Artemisia pygmaea

From Wikipedia, the free encyclopedia
Jump to navigation Jump to search

Artemisia pygmaea
Artemisia pygmaea.jpg

Apparently Secure (NatureServe)
Scientific classification edit
Kingdom: Plantae
Clade: Angiosperms
Clade: Eudicots
Clade: Asterids
Order: Asterales
Family: Asteraceae
Genus: Artemisia
A. pygmaea
Binomial name
Artemisia pygmaea
  • Seriphidium pygmaeum (A. Gray) W.A. Weber

Artemisia pygmaea is a North American species of sagebrush in the aster family known by the common name pygmy sagebrush.[2]


Artemisia pygmaea is native to regions of the Southwestern United States, encompassing parts of Nevada, Utah, Colorado, Arizona, and New Mexico.[3] It is uncommon throughout much of its range but it can be locally abundant.[4][2]

Artemisia pygmaea grows in very dry habitat types. It occurs in the desert grasslands, pinyon-juniper woodlands, and playas of the American southwest, especially in the Great Basin and Uinta Basin. It favors calcareous soils such as gypsum, and alkali soils, salty soils, and clay. It tolerates substrates in which few other plants will grow. Its small size is an adaptation to its dry habitat.[4][5]


Artemisia pygmaea is a small, cushion-like shrub growing up to about 20 centimeters (8 inches) in height. It is woody and grows from a taproot.[2]

The small leaves are under a centimeter long and wide and are toothed or divided into several deep lobes.[2]

The flower heads contain 3 to 5 disc florets but no ray florets. It is dioecious, with male and female flowers occurring on separate individual plants.[4] Blooming occurs in August and September.[6][2]

This is one of several plants parasitized by the parasitic plant Orobanche fasciculata.[7]


  1. ^ The Plant List Artemisia pygmaea A.Gray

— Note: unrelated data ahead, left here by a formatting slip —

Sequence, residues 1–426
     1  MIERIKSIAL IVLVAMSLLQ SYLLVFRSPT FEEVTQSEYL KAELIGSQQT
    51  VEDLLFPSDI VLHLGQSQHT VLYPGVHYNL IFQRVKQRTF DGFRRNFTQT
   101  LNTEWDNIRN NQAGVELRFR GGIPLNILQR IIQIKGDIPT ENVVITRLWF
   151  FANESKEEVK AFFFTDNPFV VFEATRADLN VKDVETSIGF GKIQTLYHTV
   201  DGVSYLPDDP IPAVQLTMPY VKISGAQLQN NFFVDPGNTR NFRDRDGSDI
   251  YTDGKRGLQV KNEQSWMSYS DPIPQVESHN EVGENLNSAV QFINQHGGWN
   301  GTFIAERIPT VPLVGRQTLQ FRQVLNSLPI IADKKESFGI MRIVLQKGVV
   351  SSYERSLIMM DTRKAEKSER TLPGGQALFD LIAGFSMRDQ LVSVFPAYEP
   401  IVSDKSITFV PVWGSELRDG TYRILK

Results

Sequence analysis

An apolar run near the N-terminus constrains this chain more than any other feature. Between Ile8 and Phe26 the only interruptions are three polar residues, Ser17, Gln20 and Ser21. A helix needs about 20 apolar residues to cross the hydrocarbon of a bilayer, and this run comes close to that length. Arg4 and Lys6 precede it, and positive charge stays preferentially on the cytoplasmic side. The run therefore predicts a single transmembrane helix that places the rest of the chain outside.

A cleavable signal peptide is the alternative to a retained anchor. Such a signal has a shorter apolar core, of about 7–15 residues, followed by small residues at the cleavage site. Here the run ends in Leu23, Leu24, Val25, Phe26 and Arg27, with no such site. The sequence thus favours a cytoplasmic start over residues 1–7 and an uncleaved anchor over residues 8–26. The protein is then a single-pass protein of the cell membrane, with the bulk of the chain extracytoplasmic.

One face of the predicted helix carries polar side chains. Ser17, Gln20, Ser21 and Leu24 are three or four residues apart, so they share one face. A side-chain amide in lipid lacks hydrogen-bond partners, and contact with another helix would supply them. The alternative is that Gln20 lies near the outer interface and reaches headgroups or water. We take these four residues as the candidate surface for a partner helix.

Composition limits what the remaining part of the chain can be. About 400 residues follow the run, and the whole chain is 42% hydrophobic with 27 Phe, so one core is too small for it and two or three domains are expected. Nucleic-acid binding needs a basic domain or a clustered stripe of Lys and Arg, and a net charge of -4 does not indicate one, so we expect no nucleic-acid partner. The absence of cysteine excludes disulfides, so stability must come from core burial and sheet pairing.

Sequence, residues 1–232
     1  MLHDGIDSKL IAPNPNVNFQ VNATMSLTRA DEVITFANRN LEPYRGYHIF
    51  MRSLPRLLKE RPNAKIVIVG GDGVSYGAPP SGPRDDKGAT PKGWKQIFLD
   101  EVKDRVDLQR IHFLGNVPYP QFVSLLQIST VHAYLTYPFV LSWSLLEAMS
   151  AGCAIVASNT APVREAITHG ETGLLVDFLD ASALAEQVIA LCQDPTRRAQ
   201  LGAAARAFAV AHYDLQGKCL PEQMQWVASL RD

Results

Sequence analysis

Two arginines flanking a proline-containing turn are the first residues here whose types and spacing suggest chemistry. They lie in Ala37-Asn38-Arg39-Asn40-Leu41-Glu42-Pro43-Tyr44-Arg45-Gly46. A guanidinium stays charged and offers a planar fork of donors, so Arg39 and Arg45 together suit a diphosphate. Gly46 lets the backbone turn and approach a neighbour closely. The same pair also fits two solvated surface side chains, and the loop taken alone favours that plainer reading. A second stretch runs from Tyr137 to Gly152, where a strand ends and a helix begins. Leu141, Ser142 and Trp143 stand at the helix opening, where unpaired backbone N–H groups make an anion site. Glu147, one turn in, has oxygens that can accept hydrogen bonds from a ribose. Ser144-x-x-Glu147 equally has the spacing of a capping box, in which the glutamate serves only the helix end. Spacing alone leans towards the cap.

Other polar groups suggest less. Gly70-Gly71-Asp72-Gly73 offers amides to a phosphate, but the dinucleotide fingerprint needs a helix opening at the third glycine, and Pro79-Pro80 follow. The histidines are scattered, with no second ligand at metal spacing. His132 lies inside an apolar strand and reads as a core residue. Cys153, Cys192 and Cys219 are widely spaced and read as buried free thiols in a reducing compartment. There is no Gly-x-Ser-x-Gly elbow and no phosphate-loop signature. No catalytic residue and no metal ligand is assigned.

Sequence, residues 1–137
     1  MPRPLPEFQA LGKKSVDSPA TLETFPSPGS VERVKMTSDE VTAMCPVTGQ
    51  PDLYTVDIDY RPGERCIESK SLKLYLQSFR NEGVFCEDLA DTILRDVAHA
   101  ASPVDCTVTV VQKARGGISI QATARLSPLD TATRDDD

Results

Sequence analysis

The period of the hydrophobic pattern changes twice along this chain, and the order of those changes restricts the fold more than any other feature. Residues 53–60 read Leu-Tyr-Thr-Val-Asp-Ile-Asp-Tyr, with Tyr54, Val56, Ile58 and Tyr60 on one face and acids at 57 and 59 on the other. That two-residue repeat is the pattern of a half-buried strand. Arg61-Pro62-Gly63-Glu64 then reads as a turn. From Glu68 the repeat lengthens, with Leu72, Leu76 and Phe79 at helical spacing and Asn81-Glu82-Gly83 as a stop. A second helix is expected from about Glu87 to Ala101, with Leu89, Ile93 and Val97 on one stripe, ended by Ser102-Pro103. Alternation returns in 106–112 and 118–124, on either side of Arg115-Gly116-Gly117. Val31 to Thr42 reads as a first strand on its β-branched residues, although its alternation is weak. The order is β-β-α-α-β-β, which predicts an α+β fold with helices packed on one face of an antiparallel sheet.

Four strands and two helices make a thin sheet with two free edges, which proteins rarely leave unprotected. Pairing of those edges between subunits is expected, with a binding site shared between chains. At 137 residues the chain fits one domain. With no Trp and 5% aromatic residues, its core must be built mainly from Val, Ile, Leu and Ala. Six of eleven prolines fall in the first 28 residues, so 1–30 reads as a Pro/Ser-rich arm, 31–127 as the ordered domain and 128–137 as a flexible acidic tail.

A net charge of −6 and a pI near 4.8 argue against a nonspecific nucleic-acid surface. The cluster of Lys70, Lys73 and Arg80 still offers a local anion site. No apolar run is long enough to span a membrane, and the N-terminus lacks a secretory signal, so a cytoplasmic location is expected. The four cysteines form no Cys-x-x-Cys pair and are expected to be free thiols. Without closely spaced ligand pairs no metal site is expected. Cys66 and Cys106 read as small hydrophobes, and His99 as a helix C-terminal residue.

2. ^ a b c d e Flora of North America, Pygmy sage, Artemisia pygmaea A. Gray
  3. ^ Biota of North America Program 2014 county distribution map
  4. ^ a b c Ulev, Elena D. 2005. Artemisia pygmaea. In: Fire Effects Information System, [Online]. U.S. Department of Agriculture, Forest Service, Rocky Mountain Research Station, Fire Sciences Laboratory.
  5. ^ Gray, Asa. 1886. Proceedings of the American Academy of Arts and Sciences 21(2): 413
  6. ^ Artemisia pygmaea. USDA FS International Institute of Tropical Forestry.
  7. ^ Brotherson, J. D., et al. (2005). Nutrient relationships between Orobanche fasciculata Nutt. and its host Artemisia pygmaea Gray in the Uinta Basin of Utah.Western North American Naturalist 65(2) 242-47.

External links

  • The Nature Conservancy: Artemisia pygmaea
  • Artemisia pygmaea in the CalPhotos Photo Database, University of California, Berkeley
Retrieved from ""
This content was retrieved from Wikipedia :
This page is based on the copyrighted Wikipedia article "Artemisia pygmaea"; it is used under the Creative Commons Attribution-ShareAlike 3.0 Unported License (CC-BY-SA). You may redistribute it, verbatim or modified, providing that you comply with the terms of the CC-BY-SA